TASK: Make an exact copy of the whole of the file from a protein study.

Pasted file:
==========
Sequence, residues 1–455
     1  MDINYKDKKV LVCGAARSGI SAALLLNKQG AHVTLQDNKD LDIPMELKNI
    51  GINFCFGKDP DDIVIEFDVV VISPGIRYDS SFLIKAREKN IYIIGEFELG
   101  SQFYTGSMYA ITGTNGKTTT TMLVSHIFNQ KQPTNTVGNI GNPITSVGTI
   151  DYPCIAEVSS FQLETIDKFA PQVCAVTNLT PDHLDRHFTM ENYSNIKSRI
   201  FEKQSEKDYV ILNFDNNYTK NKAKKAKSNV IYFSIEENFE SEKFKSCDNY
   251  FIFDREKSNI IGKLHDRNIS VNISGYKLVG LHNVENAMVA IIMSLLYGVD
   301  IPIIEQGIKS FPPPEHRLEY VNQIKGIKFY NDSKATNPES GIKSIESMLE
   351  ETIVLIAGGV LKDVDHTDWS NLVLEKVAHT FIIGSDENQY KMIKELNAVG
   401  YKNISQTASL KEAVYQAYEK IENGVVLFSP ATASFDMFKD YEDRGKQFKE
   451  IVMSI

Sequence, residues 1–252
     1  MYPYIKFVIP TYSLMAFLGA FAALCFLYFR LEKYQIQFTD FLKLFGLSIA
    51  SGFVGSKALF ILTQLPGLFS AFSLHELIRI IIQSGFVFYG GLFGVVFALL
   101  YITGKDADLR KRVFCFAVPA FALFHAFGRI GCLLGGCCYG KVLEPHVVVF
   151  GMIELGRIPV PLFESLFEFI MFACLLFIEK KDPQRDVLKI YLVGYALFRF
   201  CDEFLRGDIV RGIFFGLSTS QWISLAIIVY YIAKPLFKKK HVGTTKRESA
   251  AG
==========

Sequence, residues 1–455
     1  MDINYKDKKV LVCGAARSGI SAALLLNKQG AHVTLQDNKD LDIPMELKNI
    51  GINFCFGKDP DDIVIEFDVV VISPGIRYDS SFLIKAREKN IYIIGEFELG
   101  SQFYTGSMYA ITGTNGKTTT TMLVSHIFNQ KQPTNTVGNI GNPITSVGTI
   151  DYPCIAEVSS FQLETIDKFA PQVCAVTNLT PDHLDRHFTM ENYSNIKSRI
   201  FEKQSEKDYV ILNFDNNYTK NKAKKAKSNV IYFSIEENFE SEKFKSCDNY
   251  FIFDREKSNI IGKLHDRNIS VNISGYKLVG LHNVENAMVA IIMSLLYGVD
   301  IPIIEQGIKS FPPPEHRLEY VNQIKGIKFY NDSKATNPES GIKSIESMLE
   351  ETIVLIAGGV LKDVDHTDWS NLVLEKVAHT FIIGSDENQY KMIKELNAVG
   401  YKNISQTASL KEAVYQAYEK IENGVVLFSP ATASFDMFKD YEDRGKQFKE
   451  IVMSI

Sequence, residues 1–252
     1  MYPYIKFVIP TYSLMAFLGA FAALCFLYFR LEKYQIQFTD FLKLFGLSIA
    51  SGFVGSKALF ILTQLPGLFS AFSLHELIRI IIQSGFVFYG GLFGVVFALL
   101  YITGKDADLR KRVFCFAVPA FALFHAFGRI GCLLGGCCYG KVLEPHVVVF
   151  GMIELGRIPV PLFESLFEFI MFACLLFIEK KDPQRDVLKI YLVGYALFRF
   201  CDEFLRGDIV RGIFFGLSTS QWISLAIIVY YIAKPLFKKK HVGTTKRESA
   251  AG